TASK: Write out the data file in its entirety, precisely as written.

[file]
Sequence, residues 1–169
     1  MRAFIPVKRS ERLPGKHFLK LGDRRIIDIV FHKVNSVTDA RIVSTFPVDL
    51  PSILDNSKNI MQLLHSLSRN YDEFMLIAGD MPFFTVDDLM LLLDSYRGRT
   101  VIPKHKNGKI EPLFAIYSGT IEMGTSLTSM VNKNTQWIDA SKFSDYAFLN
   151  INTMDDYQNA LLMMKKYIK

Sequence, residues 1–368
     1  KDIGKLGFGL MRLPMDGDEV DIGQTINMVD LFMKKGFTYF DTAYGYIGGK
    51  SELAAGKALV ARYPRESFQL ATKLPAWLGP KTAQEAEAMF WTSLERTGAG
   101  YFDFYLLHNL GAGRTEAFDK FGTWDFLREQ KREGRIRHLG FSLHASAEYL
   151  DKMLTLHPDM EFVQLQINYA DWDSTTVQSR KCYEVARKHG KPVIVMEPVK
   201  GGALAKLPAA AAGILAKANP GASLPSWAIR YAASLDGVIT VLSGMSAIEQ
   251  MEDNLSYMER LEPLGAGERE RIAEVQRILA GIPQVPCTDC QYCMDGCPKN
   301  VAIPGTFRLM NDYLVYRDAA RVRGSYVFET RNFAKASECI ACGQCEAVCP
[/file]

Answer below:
Sequence, residues 1–169
     1  MRAFIPVKRS ERLPGKHFLK LGDRRIIDIV FHKVNSVTDA RIVSTFPVDL
    51  PSILDNSKNI MQLLHSLSRN YDEFMLIAGD MPFFTVDDLM LLLDSYRGRT
   101  VIPKHKNGKI EPLFAIYSGT IEMGTSLTSM VNKNTQWIDA SKFSDYAFLN
   151  INTMDDYQNA LLMMKKYIK

Sequence, residues 1–368
     1  KDIGKLGFGL MRLPMDGDEV DIGQTINMVD LFMKKGFTYF DTAYGYIGGK
    51  SELAAGKALV ARYPRESFQL ATKLPAWLGP KTAQEAEAMF WTSLERTGAG
   101  YFDFYLLHNL GAGRTEAFDK FGTWDFLREQ KREGRIRHLG FSLHASAEYL
   151  DKMLTLHPDM EFVQLQINYA DWDSTTVQSR KCYEVARKHG KPVIVMEPVK
   201  GGALAKLPAA AAGILAKANP GASLPSWAIR YAASLDGVIT VLSGMSAIEQ
   251  MEDNLSYMER LEPLGAGERE RIAEVQRILA GIPQVPCTDC QYCMDGCPKN
   301  VAIPGTFRLM NDYLVYRDAA RVRGSYVFET RNFAKASECI ACGQCEAVCP